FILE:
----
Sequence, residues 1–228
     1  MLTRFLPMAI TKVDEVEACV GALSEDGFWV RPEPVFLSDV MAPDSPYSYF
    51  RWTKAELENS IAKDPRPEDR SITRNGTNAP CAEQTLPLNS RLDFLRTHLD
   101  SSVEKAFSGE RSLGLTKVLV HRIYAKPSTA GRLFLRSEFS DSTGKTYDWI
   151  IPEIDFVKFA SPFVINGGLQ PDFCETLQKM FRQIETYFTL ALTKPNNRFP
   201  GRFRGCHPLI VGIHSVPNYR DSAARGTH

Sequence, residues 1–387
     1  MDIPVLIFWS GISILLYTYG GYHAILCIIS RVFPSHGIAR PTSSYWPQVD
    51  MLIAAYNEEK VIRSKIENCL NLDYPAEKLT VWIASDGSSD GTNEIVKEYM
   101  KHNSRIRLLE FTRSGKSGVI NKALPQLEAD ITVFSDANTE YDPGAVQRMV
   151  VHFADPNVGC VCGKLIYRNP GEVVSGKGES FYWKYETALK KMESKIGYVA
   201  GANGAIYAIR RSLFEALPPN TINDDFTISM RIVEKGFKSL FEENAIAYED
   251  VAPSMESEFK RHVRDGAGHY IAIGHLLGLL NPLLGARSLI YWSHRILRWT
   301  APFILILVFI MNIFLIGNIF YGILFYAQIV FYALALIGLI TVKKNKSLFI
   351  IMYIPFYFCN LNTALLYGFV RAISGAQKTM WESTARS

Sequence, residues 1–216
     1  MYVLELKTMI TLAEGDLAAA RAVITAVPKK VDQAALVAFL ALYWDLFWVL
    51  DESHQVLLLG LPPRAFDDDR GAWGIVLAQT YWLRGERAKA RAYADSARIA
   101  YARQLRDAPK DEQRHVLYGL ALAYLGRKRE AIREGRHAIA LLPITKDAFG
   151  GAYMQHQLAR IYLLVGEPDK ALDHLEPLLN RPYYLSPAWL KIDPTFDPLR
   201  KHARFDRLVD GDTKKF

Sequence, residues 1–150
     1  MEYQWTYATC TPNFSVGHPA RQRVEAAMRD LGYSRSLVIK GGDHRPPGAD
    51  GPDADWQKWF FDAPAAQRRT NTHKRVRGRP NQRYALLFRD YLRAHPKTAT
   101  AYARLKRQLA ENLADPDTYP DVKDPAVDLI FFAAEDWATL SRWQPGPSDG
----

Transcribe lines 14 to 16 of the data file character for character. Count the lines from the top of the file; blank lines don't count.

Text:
   301  APFILILVFI MNIFLIGNIF YGILFYAQIV FYALALIGLI TVKKNKSLFI
   351  IMYIPFYFCN LNTALLYGFV RAISGAQKTM WESTARS

Sequence, residues 1–216